ART. VIII.1. Nordisk Tidsskrift for Oldkyndighed, udgivet af det Kongelige Nordiske Oldskrift-Selskab. Andet Bind.
(Bemaerkninger over de Venetianerne Zeni tilskrevne Reiser i Norden; af C. C. ZAHRTMANN, Capitainlieutenant.) Kiobenhavn: 1833.
2. The Journal of the Royal Geographical Society of London. Volume the Fifth.
(Remarks on the Voyages to the Northern Hemisphere, ascribed to the Zeni of Venice. By Captain C. C. ZAHRTMANN, R. N., Hydrographer to the Royal Danish Navy; and communicated by him. Read 27 April, 1835.) London : 1835.
RIVAL pretensions to the glory of having discovered the New World are fast springing up, or beginning to be urged with
renewed vigor. In a late Number of this Journal we examined somewhat at length the apparently well-founded claims of the Scandinavian navigators, whose voyages were performed as early as the tenth century.* Between that period and the date of the first voyage of Columbus, if we may believe the accounts, the American coast was visited by the Arabians (of the Spanish Peninsula), the Welsh, the Venetians, the Portuguese, and by a native Pole in the service of Denmark. Other rumored voyages were made within the same period, but they rest on more questionable authority.
The Arabian expedition, it appears, was undertaken by a company consisting of eight persons, of the same family, called the Almagrurins, or, as commonly translated, the Wandering Brothers, who, having made provision for a long voyage, swore they would not return until they had penetrated the farthest bounds of the DARK SEA," meaning the Atlantic, then vulgarly supposed to be enveloped in literal darkness. Sailing from Lisbon, these bold adventurers directed their course to the south and west, and, after many days, discovered an island inhabited by a people of lofty stature, a red skin, and long flowing hair, descending upon their shoulders. They were here told by the inhabitants, that persons from the island had sailed twenty days to the west without discovering land. Despairing of accomplishing the purpose of their voyage, the Arabian brothers retraced their course, and returned safely to Lisbon. The island they discovered is supposed by some writers to have been situated on the American coast; but the better opinion seems to be, that it was one of the Canary group, whose original population, the Guanches, were a pastoral race, not unlike the people described in the account of this voyage. The date of the voyage is not certainly known; but, as the Arabians were driven from Lisbon in 1147, it must have been prior to that period. †
A brief account of the voyages of Madoc, a Welsh navigator, as related by Dr. Powel, the historian of Wales, is contained in Hakluyt's invaluable collection, who says, that the land discovered by him (in 1170) "must needs be some part of that country of which the Spaniards affirm
themselves to be the first finders since Hanno's time.
See North American Review, Vol. XLVI. pp. 161–203.
Humboldt, Examen Critique, Vol. II. p. 137.
Whereupon it is manifest, that the country was by Britons discovered long before Columbus led any Spaniards thither."* We do not learn, however, that the British government has ever rested its claim to any part of America on the strength of this discovery.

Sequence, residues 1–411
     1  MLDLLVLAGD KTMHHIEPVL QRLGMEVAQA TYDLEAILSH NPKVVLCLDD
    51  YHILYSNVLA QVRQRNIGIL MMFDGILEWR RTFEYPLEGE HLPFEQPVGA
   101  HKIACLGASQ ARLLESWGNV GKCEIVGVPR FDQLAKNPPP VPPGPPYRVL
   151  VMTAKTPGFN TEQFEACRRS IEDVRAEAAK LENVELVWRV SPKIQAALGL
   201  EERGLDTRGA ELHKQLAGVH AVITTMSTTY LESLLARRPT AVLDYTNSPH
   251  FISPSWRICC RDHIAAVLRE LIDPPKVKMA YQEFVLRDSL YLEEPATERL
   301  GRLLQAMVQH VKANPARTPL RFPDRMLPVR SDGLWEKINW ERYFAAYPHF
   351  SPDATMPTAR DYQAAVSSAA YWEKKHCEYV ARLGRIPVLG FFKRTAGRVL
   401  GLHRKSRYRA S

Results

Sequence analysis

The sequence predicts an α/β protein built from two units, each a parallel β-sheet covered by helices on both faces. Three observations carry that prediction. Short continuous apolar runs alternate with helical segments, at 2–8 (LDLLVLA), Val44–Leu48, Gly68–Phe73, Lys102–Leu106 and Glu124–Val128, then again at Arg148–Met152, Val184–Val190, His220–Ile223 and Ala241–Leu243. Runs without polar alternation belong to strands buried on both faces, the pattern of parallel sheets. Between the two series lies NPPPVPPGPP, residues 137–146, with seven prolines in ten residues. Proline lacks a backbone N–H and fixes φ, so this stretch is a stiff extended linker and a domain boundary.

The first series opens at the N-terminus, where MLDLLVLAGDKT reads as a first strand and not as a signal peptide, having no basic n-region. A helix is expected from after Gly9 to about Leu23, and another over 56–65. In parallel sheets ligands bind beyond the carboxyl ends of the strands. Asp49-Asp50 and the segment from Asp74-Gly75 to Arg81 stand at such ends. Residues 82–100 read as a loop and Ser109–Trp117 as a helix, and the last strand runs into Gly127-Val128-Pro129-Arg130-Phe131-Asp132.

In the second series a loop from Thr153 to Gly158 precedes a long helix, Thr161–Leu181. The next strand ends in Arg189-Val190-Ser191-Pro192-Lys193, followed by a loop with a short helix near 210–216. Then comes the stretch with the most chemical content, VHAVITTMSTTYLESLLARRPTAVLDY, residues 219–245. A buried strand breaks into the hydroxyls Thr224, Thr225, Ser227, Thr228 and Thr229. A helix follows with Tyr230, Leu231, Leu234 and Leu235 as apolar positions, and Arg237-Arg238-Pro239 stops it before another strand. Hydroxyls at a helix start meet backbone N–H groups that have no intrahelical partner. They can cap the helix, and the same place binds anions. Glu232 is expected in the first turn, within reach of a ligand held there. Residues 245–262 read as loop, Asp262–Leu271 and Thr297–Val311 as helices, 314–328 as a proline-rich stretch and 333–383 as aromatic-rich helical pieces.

The Venetian discoveries, to which our attention will be chiefly directed in the present article, are referred to the latter part of the fourteenth century; and Count Daru, in his admirable History of the Republic, states, that the library of St. Mark, at Venice, contains a map bearing the date of 1436, with the name of a Venetian geographer, or artist, on which is laid down a large extent of land, five or six hundred leagues west of Gibraltar, under the name of Antillia. †
According to the Portuguese writers, Newfoundland was discovered in 1463 by John Vas Cortereal, of Portugal, who gave it the name of Terra de Baccalhaos (the Land of Cod Fish); but the evidence, on which the statement depends, is far from being conclusive, although recently Barrow, and other English writers, have, without much examination, given countenance to the story. An American writer, the author of the "Memoir of Sebastian Cabot," has shown pretty conclusively, by a rigid investigation of the subject, that there is little, if any, ground for the claim; in which opinion he is approved and followed by Baron Humboldt.
The voyage of Szkolney (or, as the name is Latinized, Sciolvus), the Pole, to the coasts of Greenland and Labrador, is stated to have been performed in 1476; and we are informed, that a learned countryman of that navigator has recently vindicated his merits in an elaborate work, written in the Polish language, which is spoken of in terms of high commendation. ‡
It is not our purpose, at the present time, to examine these various pretensions to the discovery of this continent,
Voyages, &c. Vol. III. p. 1.
↑ Histoire de Venise, Vol. V. p. 625. Malte-Brun, referring to this matter, says, "M. Pinkerton croit que cette Antillia qui se trouve aussi sur d'anciennes cartes Venitiennes, n'est qu'une création systematique des géographes, qui s'imaginaient qu'il devait y avoir un continent opposé à celui de l'ancien monde, et destiné à contre-balancer celui-ci. Mais je ne vois pas que M. Pinkerton donne aucune raison de son opinion." - Géographie Universelle, p. viii. note.
Humboldt, Ibid. Vol. II. p. 152.